Childhood Cancer, Possible Increase in Childhood Cancer, Engine Emissions, the Secular Trend and Testosterone
Copyright 2005, James Michael Howard,
(Re: Journal of Epidemiology and Community Health 2005; 59: 101-105
Main results: Significant birth proximity relative risks were found within 1.0 km of hotspots for carbon monoxide, PM10 particles, VOCs, nitrogen oxides, benzene, dioxins, 1,3-butadiene, and benz(a)pyrene. Calculated attributable risks showed that most child cancers and leukaemias are probably initiated by such exposures.
Conclusions: Reported associations of cancer birth places with sites of industrial combustion, VOCs uses, and associated engine exhausts, are confirmed. Newly identified specific hazards include the known carcinogens 1,3-butadiene, dioxins, and benz(a)pyrene. The mother probably inhales these or related materials and passes them to the fetus across the placenta. )
This report may be explained by increased maternal testosterone as a result of exposure to these chemicals, especially nitrogen dioxide.
In 2004, I wrote "Negative Effects of Nitrogen Dioxide May be due to Testosterone" (http://www.anthropogeny.com/NO2%20and%20testosterone.htm )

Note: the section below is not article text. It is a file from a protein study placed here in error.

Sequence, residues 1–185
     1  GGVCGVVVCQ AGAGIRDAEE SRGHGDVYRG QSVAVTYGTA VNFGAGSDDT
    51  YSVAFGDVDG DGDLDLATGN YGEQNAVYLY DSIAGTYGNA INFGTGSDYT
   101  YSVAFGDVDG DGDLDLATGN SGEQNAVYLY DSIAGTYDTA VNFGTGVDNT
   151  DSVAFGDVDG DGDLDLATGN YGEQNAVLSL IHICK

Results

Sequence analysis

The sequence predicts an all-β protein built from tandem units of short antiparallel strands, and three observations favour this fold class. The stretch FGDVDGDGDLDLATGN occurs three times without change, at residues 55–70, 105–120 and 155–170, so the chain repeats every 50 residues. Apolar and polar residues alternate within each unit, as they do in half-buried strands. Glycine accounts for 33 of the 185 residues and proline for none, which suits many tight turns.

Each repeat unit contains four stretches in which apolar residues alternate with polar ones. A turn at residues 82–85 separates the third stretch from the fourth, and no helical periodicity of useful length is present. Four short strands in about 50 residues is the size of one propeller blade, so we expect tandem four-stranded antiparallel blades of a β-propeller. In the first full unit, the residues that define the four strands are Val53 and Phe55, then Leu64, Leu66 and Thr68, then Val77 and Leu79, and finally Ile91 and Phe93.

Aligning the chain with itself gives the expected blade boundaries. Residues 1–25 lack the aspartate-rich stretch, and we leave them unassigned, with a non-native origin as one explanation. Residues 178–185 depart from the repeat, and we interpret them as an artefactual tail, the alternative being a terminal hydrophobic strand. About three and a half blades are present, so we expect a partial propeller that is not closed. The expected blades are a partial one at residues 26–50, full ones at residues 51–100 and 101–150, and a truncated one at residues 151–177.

"Nitrogen dioxide is a “pollutant” that is created by burning fuels. The main sources are power plants and motor vehicles. It is known to cause problems for people including increased susceptibility to respiratory infections, snoring, lung problems, etc. I suggest nitrogen dioxide may cause its problems because nitrogen dioxide may increase testosterone in humans as it does in rats (below). Increased testosterone may be involved in a number of diseases and mortality.
This areas has not been studied very much; in rats, nitrogen dioxide increases testosterone (Environ Health Perspect 2001; 109: 111-9 and ibid 1999; 107: 539-44)."
Baik, et al., recently reported "These findings indicate that levels of growth factors and hormones [testosterone] are strongly associated with stem cell potential in human umbilical cord blood and point to a potential mechanism that may mediate the relationship between in utero exposure to hormones and cancer risk in the offspring." (Cancer Res. 2005 Jan 1;65(1):358-63).
I suggest the basis of this report may be directly connected to induction of increased maternal testosterone levels which may induce future malignant transformations.
In 1994 I first suggested that testosterone may be involved in causing cancer (International Journal of Cancer 2005; 115: 497 and Annals of Internal Medicine 2005; 142: 471-472). Since there may be some indication that increased maternal testosterone may be involved in childhood cancers (the foregoing part of this treatise), I concluded that childhood cancer should be increasing because of the “secular trend.” It is my hypothesis that the "secular trend," the increase in size and earlier puberty in our children is actually caused by an increase in percentage of individuals of higher testosterone within our population over time. This is driven by women of higher testosterone. I did find information from the “National Cancer Institute” that childhood cancer may be increasing (2005). Therefore, I suggest this possible increase in childhood, and adult, cancers may be due, alone, to the secular trend and this may be exacerbated by exposure to chemicals, especially engine exhausts.